In Concert: Metro Area
By Chris Richards
How do you make patrons feel at home in a nightclub so new, it still stinks of new leather, fresh paint and hardwood varnish? Book Metro Area -- a Brooklyn twosome specializing in post-disco anthems that feel both fresh and familiar.
Performing into the wee hours of Sunday morning, DJs Morgan Geist and Darshan Jesrani graced the opening night of Bar 7 on Seventh Street NW, with a set that ping-ponged between elegance and jubilance. With bubbling synths and paddle-ball bass lines, each song that was pumped through the subwoofers felt like an old favorite even if you'd never heard it before. (And considering the duo's lust for arcane dance records, you probably hadn't.)
As a duo, Metro Area has been relatively quiet of late, but the group is responsible for some of the most handsome and durable dance music of the last 10 years. Metro Area's 2002 self-titled debut album was an impossibly cool, deceptively complex blend of electro, house, disco and new wave.
(Clean beats on a messy dancefloor, after the jump.)
But while they stand as esteemed producers, Geist and Jesrani were strictly DJs on Sunday morning, spinning tracks old, new and unfamiliar -- but never their own.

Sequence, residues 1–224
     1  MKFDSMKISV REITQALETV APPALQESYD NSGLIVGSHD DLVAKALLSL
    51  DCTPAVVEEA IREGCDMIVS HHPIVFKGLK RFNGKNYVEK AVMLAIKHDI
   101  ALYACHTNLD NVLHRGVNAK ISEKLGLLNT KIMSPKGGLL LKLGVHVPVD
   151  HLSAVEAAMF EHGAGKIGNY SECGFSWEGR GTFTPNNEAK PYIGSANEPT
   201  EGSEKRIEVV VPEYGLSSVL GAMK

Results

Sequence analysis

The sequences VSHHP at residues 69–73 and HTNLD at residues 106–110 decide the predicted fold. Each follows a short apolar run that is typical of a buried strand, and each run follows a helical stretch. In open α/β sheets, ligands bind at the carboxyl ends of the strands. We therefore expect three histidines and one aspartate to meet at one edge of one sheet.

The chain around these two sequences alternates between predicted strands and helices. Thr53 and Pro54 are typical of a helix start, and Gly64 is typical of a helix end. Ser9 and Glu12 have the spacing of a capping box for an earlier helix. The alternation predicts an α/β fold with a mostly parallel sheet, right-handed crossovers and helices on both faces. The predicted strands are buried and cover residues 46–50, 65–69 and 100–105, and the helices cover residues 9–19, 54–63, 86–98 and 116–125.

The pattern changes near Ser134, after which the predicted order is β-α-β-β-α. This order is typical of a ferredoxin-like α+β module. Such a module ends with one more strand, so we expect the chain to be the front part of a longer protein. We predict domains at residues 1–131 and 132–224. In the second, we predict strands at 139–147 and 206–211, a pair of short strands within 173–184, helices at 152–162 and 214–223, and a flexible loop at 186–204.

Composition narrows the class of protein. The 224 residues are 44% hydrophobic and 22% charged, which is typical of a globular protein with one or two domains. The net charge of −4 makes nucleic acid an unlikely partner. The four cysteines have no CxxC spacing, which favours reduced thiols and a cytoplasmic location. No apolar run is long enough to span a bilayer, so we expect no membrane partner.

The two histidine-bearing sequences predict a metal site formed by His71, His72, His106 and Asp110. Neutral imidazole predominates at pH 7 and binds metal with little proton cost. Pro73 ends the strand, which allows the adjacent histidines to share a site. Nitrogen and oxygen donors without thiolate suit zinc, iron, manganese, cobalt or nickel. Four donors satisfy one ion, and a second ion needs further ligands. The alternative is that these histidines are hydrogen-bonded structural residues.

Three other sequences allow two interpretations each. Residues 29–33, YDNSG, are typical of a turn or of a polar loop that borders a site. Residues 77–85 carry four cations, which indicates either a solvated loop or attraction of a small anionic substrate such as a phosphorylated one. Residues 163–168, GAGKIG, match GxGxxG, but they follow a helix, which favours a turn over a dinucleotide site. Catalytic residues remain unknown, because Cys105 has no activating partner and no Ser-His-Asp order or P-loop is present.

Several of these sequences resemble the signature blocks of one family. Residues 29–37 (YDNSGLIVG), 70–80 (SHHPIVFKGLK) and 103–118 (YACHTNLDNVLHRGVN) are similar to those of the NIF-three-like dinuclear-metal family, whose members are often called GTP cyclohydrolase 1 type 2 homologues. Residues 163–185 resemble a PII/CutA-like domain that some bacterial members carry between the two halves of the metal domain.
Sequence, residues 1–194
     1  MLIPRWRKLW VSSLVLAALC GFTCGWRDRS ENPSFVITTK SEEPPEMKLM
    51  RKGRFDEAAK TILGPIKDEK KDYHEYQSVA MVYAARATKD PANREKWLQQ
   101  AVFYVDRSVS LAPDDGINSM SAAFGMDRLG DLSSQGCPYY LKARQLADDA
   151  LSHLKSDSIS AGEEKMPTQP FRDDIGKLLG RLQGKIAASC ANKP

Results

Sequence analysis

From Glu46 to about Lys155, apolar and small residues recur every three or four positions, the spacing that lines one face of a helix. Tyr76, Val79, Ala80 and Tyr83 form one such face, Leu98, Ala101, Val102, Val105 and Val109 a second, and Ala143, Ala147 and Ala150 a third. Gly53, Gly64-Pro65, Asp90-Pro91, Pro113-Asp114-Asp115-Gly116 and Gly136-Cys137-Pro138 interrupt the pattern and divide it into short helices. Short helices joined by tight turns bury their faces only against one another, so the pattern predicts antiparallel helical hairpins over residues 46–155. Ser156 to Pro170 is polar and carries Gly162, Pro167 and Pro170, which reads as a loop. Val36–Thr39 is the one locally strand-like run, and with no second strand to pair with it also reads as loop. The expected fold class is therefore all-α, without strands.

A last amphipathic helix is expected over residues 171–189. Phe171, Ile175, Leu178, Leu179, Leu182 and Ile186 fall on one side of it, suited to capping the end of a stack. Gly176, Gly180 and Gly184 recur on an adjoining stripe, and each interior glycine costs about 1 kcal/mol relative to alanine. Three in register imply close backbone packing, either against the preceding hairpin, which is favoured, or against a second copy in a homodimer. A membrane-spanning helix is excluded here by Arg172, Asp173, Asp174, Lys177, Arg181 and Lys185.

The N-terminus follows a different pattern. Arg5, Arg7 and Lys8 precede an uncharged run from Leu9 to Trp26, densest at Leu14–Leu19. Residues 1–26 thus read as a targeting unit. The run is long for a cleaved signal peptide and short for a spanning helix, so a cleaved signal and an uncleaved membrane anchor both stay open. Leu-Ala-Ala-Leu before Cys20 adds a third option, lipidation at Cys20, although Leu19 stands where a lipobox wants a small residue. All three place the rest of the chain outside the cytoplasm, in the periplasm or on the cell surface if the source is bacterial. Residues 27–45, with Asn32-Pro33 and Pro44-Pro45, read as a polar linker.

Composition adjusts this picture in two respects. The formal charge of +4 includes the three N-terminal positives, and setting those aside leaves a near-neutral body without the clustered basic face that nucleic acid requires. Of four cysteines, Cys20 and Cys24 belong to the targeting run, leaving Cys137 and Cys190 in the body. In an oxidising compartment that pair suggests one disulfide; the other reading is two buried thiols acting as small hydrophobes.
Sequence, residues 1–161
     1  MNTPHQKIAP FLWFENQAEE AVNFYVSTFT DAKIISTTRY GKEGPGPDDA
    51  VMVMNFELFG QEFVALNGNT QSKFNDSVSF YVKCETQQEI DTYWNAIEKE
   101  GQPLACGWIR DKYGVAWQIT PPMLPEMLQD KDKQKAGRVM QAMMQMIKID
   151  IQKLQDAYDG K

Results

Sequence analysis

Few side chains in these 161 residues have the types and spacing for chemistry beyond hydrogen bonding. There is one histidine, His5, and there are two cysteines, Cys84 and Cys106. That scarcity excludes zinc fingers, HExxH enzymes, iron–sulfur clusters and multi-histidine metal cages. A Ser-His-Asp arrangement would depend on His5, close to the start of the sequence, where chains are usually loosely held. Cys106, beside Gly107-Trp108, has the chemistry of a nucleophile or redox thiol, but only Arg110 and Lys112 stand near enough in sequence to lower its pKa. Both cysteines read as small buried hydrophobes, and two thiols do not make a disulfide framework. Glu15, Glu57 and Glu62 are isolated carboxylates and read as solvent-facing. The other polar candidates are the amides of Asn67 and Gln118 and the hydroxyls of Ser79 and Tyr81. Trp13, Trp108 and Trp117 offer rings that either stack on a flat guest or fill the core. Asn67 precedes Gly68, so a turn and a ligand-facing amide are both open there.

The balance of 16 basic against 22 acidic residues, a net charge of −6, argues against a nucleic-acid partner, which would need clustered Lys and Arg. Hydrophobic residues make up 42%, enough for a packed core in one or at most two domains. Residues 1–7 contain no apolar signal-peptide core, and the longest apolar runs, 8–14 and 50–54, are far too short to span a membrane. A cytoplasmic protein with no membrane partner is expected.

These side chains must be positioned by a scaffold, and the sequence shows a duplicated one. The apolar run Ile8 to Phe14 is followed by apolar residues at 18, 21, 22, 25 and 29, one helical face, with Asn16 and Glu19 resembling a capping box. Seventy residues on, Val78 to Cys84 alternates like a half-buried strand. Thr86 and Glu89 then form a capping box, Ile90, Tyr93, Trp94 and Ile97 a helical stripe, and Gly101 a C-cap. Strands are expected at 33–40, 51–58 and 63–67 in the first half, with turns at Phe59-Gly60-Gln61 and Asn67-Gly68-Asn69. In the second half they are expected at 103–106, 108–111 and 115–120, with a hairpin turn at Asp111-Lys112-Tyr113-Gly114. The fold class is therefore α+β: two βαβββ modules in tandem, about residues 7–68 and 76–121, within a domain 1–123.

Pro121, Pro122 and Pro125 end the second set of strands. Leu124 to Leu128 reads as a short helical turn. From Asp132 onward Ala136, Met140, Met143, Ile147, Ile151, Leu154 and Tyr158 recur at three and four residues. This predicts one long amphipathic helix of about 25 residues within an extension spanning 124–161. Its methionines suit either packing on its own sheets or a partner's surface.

Geist took the turntables first, offering warm, pulsating house tracks decorated with whispering flute lines and chiming pianos. He focused on cool timbres as if trying to relieve the sweat that was beginning to trickle in the crowd. Jesrani followed suit, with airy cuts that made the crowded dance floor feel expansive.
It may have sounded effortless, but it wasn't. At one point, Geist was cramming paper napkins under the legs of his turntable, trying to stabilize a DJ booth that was suffering some opening-night wobbles.
But closing in on 1 a.m., the duo found its sweet spot, reading the crowd -- and maybe even predicting its movements. As one couple broke into a seemingly inebriated game of patty-cake, Jesrani delivered up an electro song with crisp, resonant handclaps. Later, when a different couple connected in a lip-lock near the DJ booth, Geist had just cued up a disco cut urging the crowd to "take a love break."
The crowd was a strange and wonderful mix: investor types in boxy suits; women in skintight leggings and flowing tops; some dude who looked like he stepped out of a Snoop Dogg video, circa 1993. At one point, a shouted discussion about emerging California DJ Dam-Funk could be heard clashing with chatter about registration deadlines for a local kickball league.
Through it all, the music stayed wildly upbeat and willfully obscure -- until Geist unleashed an extended mix of Yaz's popular new-wave hit, "Situation." But this version was peculiar, with shrill bursts of treble stabbing the beat at strange intervals.
Turns out, it was a malfunctioning fire alarm.
It took the entire song, but the folks at Bar 7 finally got the alarm turned off. Geist threw up his hands in relief. The dance floor was slippery with bobbled drinks. The windows were fogged up with steam. A new nightclub was enjoying a messy and fantastic birth.
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